Data mining isn’t a new invention that came with the digital age. The concept has been around for over a century but came into greater public focus in the 1930s.
According to Hacker Bits, one of the first modern moments of data mining occurred in 1936, when Alan Turing introduced the idea of a universal machine that could perform computations similar to those of modern-day computers.
Forbes also reported on Turing’s development of the “Turing Test” in 1950 to determine if a computer has real intelligence or not. To pass his test, a computer needed to fool a human into believing it was also human. Just two years later, Arthur Samuel created The Samuel Checkers-playing Program that appears to be the world’s first self-learning program. It miraculously learned as it played and got better at winning by studying the best moves.
We’ve come a long way since then. Businesses are now harnessing data mining and machine learning to improve everything from their sales processes to interpreting financials for investment purposes. As a result, data scientists have become vital employees at organizations all over the world as companies seek to achieve bigger goals with data science than ever before.
Data Mining vs. Machine Learning vs. Data Science
With big data becoming so prevalent in the business world, a lot of data terms tend to be thrown around, with many not quite understanding what they mean. What is data mining? Is there a difference between machine learning vs. data science? How do they connect to each other? Isn’t machine learning just artificial intelligence? All of these are good questions, and discovering their answers can provide a deeper, more rewarding understanding of data science and analytics and how they can benefit a company.
Both data mining and machine learning are rooted in data science and generally fall under that umbrella. They often intersect or are confused with each other, but there are a few key distinctions between the two. Here’s a look at some data mining and machine learning differences between data mining and machine learning and how they can be used.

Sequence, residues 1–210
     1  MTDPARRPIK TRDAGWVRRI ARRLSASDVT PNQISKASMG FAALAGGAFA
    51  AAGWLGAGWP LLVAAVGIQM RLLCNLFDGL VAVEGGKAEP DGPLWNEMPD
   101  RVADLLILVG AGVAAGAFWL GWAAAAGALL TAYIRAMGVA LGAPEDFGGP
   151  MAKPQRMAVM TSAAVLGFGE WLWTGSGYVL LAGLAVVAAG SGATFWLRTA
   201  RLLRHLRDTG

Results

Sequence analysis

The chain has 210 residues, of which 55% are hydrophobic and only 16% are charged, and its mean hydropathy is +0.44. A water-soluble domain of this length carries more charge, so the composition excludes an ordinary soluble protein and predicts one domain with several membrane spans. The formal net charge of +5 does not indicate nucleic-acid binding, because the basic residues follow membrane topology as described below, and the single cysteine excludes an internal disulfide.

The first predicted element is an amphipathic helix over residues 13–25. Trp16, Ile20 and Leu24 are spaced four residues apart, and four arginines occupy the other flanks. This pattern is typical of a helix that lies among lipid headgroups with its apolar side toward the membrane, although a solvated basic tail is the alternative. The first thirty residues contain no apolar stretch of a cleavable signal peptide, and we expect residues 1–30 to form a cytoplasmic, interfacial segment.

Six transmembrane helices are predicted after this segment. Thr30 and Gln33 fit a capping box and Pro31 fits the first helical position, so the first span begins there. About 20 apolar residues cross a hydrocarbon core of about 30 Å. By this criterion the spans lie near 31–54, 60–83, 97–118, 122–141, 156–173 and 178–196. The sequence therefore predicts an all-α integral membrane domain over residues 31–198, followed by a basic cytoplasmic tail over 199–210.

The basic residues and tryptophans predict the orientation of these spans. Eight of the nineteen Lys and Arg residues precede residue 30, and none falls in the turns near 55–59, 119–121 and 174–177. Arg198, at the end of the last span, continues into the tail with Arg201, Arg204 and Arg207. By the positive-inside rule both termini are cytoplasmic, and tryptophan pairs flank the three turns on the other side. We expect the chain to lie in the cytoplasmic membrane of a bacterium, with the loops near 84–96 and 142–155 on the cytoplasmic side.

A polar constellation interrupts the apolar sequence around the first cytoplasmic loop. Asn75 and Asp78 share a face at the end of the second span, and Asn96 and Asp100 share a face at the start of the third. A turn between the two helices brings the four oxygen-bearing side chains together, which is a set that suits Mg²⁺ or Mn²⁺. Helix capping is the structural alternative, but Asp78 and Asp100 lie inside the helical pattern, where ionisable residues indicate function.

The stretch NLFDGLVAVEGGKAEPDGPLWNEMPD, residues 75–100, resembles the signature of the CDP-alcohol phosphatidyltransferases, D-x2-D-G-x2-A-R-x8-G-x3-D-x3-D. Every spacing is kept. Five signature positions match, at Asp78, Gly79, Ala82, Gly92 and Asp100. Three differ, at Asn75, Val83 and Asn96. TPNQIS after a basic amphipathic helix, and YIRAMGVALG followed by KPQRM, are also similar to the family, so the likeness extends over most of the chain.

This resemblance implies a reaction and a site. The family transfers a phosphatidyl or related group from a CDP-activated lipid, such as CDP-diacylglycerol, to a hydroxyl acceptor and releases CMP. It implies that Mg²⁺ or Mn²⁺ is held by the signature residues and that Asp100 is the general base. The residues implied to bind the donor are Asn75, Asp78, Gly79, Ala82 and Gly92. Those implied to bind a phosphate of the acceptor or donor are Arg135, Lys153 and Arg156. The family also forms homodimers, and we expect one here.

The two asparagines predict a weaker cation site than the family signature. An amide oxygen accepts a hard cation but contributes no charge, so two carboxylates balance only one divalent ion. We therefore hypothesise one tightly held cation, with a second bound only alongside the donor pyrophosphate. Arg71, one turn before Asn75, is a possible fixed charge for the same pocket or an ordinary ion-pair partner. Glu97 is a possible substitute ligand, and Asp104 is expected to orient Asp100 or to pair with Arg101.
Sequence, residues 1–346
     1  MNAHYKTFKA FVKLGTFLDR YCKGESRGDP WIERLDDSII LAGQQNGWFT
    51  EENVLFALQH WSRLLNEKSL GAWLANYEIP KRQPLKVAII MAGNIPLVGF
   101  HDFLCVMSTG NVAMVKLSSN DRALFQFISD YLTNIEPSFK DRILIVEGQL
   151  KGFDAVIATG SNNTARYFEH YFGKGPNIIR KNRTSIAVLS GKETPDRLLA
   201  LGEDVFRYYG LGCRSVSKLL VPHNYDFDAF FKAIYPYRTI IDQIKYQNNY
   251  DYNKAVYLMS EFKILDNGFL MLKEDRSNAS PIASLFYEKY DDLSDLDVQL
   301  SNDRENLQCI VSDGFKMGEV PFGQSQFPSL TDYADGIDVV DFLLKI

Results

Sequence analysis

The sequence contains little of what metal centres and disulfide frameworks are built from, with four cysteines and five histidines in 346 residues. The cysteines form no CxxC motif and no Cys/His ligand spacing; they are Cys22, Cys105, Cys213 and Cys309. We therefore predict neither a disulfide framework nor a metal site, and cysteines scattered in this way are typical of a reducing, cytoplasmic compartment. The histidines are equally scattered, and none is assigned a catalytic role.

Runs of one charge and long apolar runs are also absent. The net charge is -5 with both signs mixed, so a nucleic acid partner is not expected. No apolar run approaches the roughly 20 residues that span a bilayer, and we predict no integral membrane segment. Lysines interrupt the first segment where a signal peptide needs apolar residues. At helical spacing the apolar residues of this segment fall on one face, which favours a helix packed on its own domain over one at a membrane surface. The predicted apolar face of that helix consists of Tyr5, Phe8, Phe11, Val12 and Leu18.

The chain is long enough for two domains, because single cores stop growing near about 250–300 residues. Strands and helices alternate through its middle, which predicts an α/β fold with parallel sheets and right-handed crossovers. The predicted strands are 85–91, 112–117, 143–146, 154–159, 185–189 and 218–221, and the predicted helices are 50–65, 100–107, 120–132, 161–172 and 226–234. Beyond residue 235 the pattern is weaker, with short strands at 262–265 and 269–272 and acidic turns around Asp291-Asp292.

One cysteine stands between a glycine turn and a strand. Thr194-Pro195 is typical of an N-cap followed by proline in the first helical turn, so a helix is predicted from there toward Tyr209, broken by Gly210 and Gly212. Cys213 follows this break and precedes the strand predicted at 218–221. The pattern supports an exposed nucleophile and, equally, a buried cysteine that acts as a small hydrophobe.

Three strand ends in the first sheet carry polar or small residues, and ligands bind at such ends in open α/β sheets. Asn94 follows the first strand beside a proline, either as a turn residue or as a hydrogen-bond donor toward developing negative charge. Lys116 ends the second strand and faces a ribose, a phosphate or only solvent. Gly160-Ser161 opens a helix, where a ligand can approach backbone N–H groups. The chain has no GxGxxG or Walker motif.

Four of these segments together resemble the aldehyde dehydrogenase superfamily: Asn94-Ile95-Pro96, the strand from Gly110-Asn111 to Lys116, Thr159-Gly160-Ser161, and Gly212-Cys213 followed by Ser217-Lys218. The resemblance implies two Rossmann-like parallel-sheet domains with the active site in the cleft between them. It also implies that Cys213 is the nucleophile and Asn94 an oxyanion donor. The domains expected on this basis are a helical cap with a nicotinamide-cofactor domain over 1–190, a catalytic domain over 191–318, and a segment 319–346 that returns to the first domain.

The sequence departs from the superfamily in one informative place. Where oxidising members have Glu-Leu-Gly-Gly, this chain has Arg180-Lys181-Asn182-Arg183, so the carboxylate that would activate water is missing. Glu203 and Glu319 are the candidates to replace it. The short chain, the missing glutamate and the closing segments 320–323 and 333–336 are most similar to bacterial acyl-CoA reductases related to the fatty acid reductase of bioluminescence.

One key difference between machine learning and data mining is how they are used and applied in our everyday lives. For example, data mining is often used by machine learning to see the connections between relationships. Uber uses machine learning to calculate ETAs for rides or meal delivery times for UberEATS.
Data mining can be used for a variety of purposes, including financial research. Investors might use data mining and web scraping to look at a start-up’s financials and help determine if they want to offer to fund. A company may also use data mining to help collect data on sales trends to better inform everything from marketing to inventory needs, as well as to secure new leads. Data mining can be used to comb through social media profiles, websites, and digital assets to compile information on a company’s ideal leads to start an outreach campaign. Using data mining can lead to 10,000 leads in 10 minutes. With this much information, a data scientist can even predict future trends that will help a company prepare well for what customers may want in the months and years to come.
Machine learning embodies the principles of data mining, but can also make automatic correlations and learn from them to apply to new algorithms. It’s the technology behind self-driving cars that can quickly adjust to new conditions while driving. Machine learning also provides instant recommendations when a buyer purchases a product from Amazon. These algorithms and analytics are constantly meant to be improving, so the result will only get more accurate over time. Machine learning isn’t artificial intelligence, but the ability to learn and improve is still an impressive feat. Riveting machine